Jean Renoir called him, a "great technician, [a] rigorist, a poet".
It was as an actor, in 1916 at the Théâtre de l'Odéon under the direction of André Antoine, that Duvivier's career began. In 1918 he moved on to Gaumont, as a writer and assistant of, amongst others, André Antoine, Louis Feuillade and Marcel L'Herbier. In 1919 he directed his first film. In the 1920s several of his films had a religious concern: Credo ou la tragédie de Lourdes, L'abbé Constantin and La Vie miraculeuse de Thérèse Martin — a film about the Carmelite saint Thérèse of Lisieux.
In the 1930s Duvivier was part of the production company, 'Film d'Art', founded by Marcel Vandal and Charles Delac and he worked as part of a team. He stayed with them for nine years. David Golder (1930), was his first success. It was also his first 'talkie', as it was of the actor Harry Baur. They worked together many more times in the 1930s. In 1934 Duvivier collaborated with Jean Gabin for the first time in the film Maria Chapdelaine, while for La Bandera (1935), he availed himself of the writing talent of Charles Spaak, who had previously worked with Jacques Feyder, Jean Grémillon, Marc Allégret and Marcel L'Herbier. They too would work together many times from this point onwards. Having made Le Golem (1936), a remake of an earlier German horror film, Duvivier set out on La belle équipe (also 1936), with Jean Gabin, Charles Vanel and Raymond Aimos. The film remains a significant example of his work. Five unemployed men hit the lottery jackpot and decide to buy a seaside café/dance hall together. The unexpected, however, keeps happening. Once jealousy over a woman, Gina, (Viviane Romance), gets mixed up with the venture, there is little left to save. The original ending of the film involving a killing, was judged too pessimistic, and another, happier ending, was filmed. It was the happier version that was released, though both versions still survive. L'Homme du jour (1936), with Maurice Chevalier in the lead role is a minor work in the director's canon but Pépé le Moko and Un Carnet de Bal (both 1937) are incontestable summits.
Pépé le Moko, which plunges into the midst of the gangster underworld and which had the Casbah (Arab quarter) of Algiers for exotic backdrop, was the film which propelled Jean Gabin into the category of an international star. In 1938 Duvivier signed a contract with MGM and made his first American film, a biopic of Johann Strauss, The Great Waltz. The next year, back in France, he made La Fin du Jour, in which theatre actors in retirement struggle to see that their retirement home remains open. Michel Simon played an old ham actor, and Louis Jouvet, an old leading actor who still believes in his seductive powers. La Charrette fantôme followed, a horror film adapted from a novel by Selma Lagerlof. In 1940 Untel père et fils, a family history starring Raimu, Michèle Morgan, and Louis Jouvet, was not able to be shown — because of the political situation — until the end of the war, at least in France. It is generally considered a minor work, and even a failure.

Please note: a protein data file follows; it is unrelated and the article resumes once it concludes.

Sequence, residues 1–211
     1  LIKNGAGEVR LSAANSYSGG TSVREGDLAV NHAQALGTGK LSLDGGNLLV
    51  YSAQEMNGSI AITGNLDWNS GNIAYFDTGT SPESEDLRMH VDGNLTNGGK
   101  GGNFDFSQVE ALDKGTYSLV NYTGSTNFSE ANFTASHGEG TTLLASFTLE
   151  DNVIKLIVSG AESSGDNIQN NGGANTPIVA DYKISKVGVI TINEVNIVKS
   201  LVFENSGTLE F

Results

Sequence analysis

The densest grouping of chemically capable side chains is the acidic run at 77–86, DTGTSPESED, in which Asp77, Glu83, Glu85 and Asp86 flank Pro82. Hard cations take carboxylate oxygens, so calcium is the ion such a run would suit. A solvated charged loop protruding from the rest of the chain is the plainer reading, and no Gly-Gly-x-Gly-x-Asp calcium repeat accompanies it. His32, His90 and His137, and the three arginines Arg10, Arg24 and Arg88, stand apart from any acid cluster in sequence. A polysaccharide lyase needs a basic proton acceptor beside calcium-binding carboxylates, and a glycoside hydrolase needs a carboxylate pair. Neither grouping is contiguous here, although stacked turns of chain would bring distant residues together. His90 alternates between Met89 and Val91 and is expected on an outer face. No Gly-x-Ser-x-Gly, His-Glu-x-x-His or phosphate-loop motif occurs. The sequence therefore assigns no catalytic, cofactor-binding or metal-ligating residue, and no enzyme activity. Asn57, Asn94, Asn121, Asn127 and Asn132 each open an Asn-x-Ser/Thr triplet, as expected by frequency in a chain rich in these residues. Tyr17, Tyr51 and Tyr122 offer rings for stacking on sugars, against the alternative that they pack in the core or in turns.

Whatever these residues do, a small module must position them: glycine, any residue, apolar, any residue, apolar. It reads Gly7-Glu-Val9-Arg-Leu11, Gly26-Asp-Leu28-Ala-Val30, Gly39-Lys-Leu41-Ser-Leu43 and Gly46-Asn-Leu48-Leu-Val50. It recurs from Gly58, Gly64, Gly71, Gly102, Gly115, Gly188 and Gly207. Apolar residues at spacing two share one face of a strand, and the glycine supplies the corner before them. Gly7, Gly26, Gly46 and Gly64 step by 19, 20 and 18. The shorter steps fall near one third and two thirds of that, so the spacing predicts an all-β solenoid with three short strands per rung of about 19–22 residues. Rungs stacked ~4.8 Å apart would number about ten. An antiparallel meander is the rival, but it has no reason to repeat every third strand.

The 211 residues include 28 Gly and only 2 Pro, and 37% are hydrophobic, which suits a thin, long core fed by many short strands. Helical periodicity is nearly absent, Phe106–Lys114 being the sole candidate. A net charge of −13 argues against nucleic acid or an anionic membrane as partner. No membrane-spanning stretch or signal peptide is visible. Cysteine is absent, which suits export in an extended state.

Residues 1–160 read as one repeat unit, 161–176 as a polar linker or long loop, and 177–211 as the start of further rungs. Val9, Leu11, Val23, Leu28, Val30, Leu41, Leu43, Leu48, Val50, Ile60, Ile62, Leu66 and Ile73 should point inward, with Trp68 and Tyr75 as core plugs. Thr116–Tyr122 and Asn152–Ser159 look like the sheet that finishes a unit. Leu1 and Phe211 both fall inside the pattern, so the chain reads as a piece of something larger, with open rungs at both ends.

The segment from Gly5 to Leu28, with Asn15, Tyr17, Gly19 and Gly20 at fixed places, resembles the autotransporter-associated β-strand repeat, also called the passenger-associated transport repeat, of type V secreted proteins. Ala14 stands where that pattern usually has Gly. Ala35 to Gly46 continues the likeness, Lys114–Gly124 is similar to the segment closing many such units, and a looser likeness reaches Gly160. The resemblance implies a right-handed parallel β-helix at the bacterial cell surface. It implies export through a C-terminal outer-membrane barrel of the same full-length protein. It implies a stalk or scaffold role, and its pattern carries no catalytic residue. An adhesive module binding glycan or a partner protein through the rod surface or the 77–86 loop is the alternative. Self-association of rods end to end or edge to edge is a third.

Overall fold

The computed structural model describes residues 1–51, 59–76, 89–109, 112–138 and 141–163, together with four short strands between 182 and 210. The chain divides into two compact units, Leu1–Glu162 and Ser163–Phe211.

During World War II, Duvivier left to work in the United States. He made five films in these years. Lydia (1941); two anthology films, Tales of Manhattan (1942) with Charles Boyer and Rita Hayworth among leading actors, and Flesh and Fantasy (1943) with Edward G. Robinson, Charles Boyer and Barbara Stanwyck; The Impostor (1944), again with Jean Gabin; and Destiny (also 1944), a Reginald Le Borg directed film which was built around a cut thirty-minute sequence from Flesh and Fantasy (Duvivier was uncredited) .
On his return to France, Duvivier experienced some difficulties in resuming his career. Panique (1946), an exhaustive summary of the lowest of human instincts, was the most personal, darkest, and nihilistic of his works. It was a bitter failure with critics and the public. Duvivier continued, notwithstanding, to work in France until the end of his life, apart from a short period in Great Britain to shoot Anna Karenina (1948) and to Spain for Black Jack (1950).
Sous le ciel de Paris (1951) is a highly original film from the point of view of the way the film was cut. In the course of a day in Paris, one follows people whose paths will cross. The same year Duvivier shot the first of the humorous Don Camillo films from the Giovanni Guareschi books, Le Petit monde de Don Camillo. It met with immediate popular success and he followed its success with The Return of Don Camillo (1953). The series continued with other directors.
In Voici le temps des assassins (1956), Jean Gabin plays a decent restaurateur in Les Halles who is swindled by a cynical young woman, Catherine, (Danièle Delorme). Duvivier co-wrote and directed two films in 1957: the drama Lovers of Paris (starring Gérard Philipe) and the comedy-thriller The Man in the Raincoat (starring Fernandel and Bernard Blier).
Marie-Octobre (1959) followed, featuring Danielle Darrieux, Serge Reggiani, and Bernard Blier amongst others. It was an exercise in style; 11 people, nine men, two women, and a mise en scène that followed the unities of time, place, and action, it had a constant concern for the framing of the composition to reinforce an inquisitorial, menacing atmosphere. The same year he was invited to be part of the jury of the Cannes Film Festival, 1959, the year the Nouvelle Vague fully emerged. Duvivier's final portmanteau film was Le Diable et les dix Commandements (1962), while the scenario of Chair de poule (1963) has a resemblance to The Postman Always Rings Twice and again features an unscrupulous woman.
During the fall of 1967, just as the production of Diaboliquement vôtre reached completion, a film about a man made amnesiac following a car accident, Duvivier himself was in a traffic accident, triggering a heart attack which killed him. He was 71; he left behind a filmography comprising nearly 70 films. He is buried in the cemetery of Rueil-Malmaison in the Hauts-de-Seine.